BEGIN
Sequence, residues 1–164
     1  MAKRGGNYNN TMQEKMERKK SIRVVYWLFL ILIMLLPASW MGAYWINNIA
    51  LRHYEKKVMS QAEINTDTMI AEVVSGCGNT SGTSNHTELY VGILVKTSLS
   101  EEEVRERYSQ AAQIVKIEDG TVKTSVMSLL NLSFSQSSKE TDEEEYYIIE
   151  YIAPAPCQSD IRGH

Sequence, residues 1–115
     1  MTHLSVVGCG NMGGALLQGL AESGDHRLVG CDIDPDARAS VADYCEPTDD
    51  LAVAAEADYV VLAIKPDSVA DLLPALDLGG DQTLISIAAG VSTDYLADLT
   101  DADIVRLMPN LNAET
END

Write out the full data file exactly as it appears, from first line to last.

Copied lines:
Sequence, residues 1–164
     1  MAKRGGNYNN TMQEKMERKK SIRVVYWLFL ILIMLLPASW MGAYWINNIA
    51  LRHYEKKVMS QAEINTDTMI AEVVSGCGNT SGTSNHTELY VGILVKTSLS
   101  EEEVRERYSQ AAQIVKIEDG TVKTSVMSLL NLSFSQSSKE TDEEEYYIIE
   151  YIAPAPCQSD IRGH

Sequence, residues 1–115
     1  MTHLSVVGCG NMGGALLQGL AESGDHRLVG CDIDPDARAS VADYCEPTDD
    51  LAVAAEADYV VLAIKPDSVA DLLPALDLGG DQTLISIAAG VSTDYLADLT
   101  DADIVRLMPN LNAET